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Breg Rosso - 2003


4.5 / 5.0

Italy » Vino
red still, dry
5900 UAH
not available
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Gravner Breg Rosso 2003

Produced only with local red grapes, fermented on the skins in wooden vats, with wild yeasts and no temperature control. After the drawing off and pressing phases the wine was aged in oak barrels for four years. Bottled during a waning moon without fining or filtration.


4.5 / 5.0750 ml@Wix Kyiv Office · Rosso Oslavia

Experiencing this wine is truly mind-blowing. Its age is elusive, with both the color and palate providing misleading cues. After decanting, it surprisingly reveals a youthful character. This could be due to a blend of factors: the specificities of a less-yielding yet more concentrated vintage, the inherent characteristics of the Pignolo grape, and undoubtedly, the skill of the winemaker.

The bouquet is detailed, nuanced, and elegant, featuring an intriguing mix of mint oil, wormwood, tar, perche, grilled meat, medicinal herbs, and black currant jam. The presence of VA adds to its complexity and is so ideally integrated that it enhances rather than detracts from the overall experience. The palate is intense, long, and continuously evolving, showcasing the wine's multifaceted nature and exceptional crafting.

Wine #4 on Rosso Oslavia event.


Joško Gravner, often regarded as the father of the macerated white wine trend, has had an unexpected and fascinating journey in winemaking. Based in Oslavia, a small village in the Friuli-Venezia Giulia region of northeastern Italy, Gravner's winery is situated in the Collio appellation, a region renowned for its high-quality white wines.

Initially celebrated for his modern, technologically driven approach, Gravner was enthusiastic about the latest equipment and techniques. However, a transformative trip to California in 1987, a region still basking in the glory of its 1976 Judgment of Paris triumph, sparked a radical shift in his winemaking philosophy. Despite California's innovative reputation, Gravner became disillusioned after tasting 1,000 wines in just ten days, finding them uniform and lacking character.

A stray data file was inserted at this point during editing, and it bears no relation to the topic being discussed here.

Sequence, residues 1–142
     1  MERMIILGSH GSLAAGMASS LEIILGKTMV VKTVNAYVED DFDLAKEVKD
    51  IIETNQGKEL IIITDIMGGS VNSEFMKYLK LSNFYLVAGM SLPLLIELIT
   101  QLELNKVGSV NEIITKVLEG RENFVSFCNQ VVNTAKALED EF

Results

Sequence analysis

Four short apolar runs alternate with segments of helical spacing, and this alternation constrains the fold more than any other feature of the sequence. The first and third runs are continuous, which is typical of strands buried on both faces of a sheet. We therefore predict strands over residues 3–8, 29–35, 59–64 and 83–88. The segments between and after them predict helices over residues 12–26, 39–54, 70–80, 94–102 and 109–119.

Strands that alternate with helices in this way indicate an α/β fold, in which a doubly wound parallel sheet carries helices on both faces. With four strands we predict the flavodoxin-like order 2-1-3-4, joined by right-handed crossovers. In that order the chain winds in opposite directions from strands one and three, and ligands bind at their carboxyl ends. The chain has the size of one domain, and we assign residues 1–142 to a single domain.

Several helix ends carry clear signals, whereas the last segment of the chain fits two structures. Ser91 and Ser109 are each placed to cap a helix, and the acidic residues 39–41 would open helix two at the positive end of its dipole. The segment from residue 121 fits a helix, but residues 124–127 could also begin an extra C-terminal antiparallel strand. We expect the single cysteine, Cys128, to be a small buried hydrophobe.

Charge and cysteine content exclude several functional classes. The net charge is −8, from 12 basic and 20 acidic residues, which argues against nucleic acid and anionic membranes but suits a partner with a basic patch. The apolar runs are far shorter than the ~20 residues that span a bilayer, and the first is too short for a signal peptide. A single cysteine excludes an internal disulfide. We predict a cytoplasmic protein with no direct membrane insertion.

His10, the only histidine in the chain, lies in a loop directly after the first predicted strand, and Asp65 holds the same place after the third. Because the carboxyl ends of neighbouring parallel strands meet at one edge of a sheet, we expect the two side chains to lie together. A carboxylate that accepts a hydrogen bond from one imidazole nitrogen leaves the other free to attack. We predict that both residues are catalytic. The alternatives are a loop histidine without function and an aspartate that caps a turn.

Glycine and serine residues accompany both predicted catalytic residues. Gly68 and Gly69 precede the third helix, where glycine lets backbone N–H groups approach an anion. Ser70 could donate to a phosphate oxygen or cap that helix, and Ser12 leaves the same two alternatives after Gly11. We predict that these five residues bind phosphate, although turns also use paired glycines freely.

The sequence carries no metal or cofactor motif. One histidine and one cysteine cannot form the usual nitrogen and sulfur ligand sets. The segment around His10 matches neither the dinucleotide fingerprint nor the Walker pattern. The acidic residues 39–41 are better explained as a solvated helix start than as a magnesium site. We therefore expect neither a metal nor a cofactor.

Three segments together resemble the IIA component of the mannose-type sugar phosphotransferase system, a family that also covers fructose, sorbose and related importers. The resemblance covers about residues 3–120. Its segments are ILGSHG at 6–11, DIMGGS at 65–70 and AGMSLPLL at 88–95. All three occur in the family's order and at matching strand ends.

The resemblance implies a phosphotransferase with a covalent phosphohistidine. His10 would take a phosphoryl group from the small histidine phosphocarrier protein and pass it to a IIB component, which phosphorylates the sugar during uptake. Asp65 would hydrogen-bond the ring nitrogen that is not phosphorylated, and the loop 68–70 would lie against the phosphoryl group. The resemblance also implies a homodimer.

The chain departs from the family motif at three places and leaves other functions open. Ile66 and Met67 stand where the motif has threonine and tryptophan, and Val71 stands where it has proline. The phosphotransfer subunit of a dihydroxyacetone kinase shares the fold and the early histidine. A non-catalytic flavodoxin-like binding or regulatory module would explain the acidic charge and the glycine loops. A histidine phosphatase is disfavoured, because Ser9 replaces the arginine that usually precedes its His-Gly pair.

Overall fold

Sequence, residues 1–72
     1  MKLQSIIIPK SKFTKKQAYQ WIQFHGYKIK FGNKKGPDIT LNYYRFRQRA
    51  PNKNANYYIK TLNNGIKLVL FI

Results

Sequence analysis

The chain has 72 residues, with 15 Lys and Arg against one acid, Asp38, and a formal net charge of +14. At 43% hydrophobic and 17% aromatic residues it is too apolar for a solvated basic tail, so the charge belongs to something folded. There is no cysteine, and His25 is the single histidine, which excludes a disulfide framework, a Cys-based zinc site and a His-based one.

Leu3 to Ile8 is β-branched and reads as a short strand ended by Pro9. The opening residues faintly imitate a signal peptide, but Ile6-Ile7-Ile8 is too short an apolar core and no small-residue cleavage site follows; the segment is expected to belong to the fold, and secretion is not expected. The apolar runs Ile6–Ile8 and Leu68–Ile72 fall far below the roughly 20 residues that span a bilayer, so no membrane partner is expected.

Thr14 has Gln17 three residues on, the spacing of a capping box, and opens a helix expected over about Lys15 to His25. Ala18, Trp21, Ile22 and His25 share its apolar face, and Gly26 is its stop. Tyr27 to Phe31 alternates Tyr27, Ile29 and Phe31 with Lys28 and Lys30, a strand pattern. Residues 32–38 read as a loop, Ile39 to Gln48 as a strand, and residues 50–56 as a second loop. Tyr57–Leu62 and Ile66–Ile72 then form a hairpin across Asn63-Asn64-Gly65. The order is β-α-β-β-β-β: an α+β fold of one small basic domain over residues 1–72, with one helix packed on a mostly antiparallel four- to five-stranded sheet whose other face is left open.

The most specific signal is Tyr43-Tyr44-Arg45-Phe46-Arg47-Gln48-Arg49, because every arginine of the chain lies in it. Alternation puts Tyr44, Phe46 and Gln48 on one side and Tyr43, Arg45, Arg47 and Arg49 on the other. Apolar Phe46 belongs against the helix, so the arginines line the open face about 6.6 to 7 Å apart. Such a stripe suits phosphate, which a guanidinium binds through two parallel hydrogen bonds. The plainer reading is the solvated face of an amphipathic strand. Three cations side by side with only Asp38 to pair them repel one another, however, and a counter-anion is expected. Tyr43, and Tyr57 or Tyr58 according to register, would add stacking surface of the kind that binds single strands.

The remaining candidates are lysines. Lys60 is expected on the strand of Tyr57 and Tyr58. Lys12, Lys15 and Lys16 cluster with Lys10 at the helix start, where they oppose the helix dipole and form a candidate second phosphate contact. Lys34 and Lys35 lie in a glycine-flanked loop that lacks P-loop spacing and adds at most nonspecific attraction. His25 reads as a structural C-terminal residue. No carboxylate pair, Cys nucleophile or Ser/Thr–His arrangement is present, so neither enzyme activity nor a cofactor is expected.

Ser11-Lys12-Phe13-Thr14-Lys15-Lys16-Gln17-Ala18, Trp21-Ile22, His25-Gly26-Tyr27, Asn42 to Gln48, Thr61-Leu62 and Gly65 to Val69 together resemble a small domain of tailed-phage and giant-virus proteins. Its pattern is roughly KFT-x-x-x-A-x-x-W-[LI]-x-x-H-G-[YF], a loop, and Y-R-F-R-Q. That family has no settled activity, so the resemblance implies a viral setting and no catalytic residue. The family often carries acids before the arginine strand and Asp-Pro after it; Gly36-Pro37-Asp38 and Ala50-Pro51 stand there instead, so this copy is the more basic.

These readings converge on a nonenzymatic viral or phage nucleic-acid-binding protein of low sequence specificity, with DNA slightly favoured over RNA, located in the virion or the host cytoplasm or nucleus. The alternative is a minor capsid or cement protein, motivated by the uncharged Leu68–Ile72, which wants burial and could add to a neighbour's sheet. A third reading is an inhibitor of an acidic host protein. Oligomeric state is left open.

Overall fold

Embarking on a nearly decade-long quest for authenticity, Gravner immersed himself in the history of winemaking. He found a connection to his roots in Collio/Brda, where his ancestors had produced skin-contact wines. This region, straddling the Italian-Slovenian border, has a long tradition of winemaking that dates back to the Roman Empire. His research also led him to Georgia, known for its 8,000-year-old winemaking traditions, including the use of skin-contact methods in large earthenware vessels called qvevri.

In 1996, a devastating hailstorm destroyed most of the yields, resulting in no wine release that year. This disaster, however, provided Gravner with an opportunity to experiment with maceration. Encouraged by these experiments, he decided to release his first extensively macerated white wine in 1997. This vintage took three long years to mature and, when released, it faced a chilly reception; the radical departure in style was too much for many. Notably, Gambero Rosso, a prestigious wine magazine, issued a scathing critique. The fallout was severe, with 80% of the vintage returned. Despite this setback, Gravner's conviction in his new direction only strengthened.

The year 2000 marked another significant milestone for Gravner. He travelled to Georgia and ordered 11 qvevri, large 1000L ceramic vessels. However, the transportation challenge was underestimated, and only two qvevri survived the journey to Italy, causing another year's delay before he could fully implement his vision. Today, Gravner's winery boasts over 45 qvevri, meaning the transportation complexities were figured out.

Interestingly, the labels of Gravner's Ribolla and Breg in the 2001 vintage bore the word 'Anfora', indicating partial use of qvevri. It wasn't until 2003 that these wines were completely fermented in qvevri. Recognizing the full transition, 'Anfora' was removed from the labels in 2007, as all wines were now qvevri-fermented.

Today, Joško Gravner's wines are celebrated as benchmarks of craftsmanship in the wine world. His Ribolla is often acclaimed as the best orange wine globally. Gravner's journey from a tech-forward approach to embracing ancient winemaking traditions not only transformed his wines but also made a lasting impact on the industry.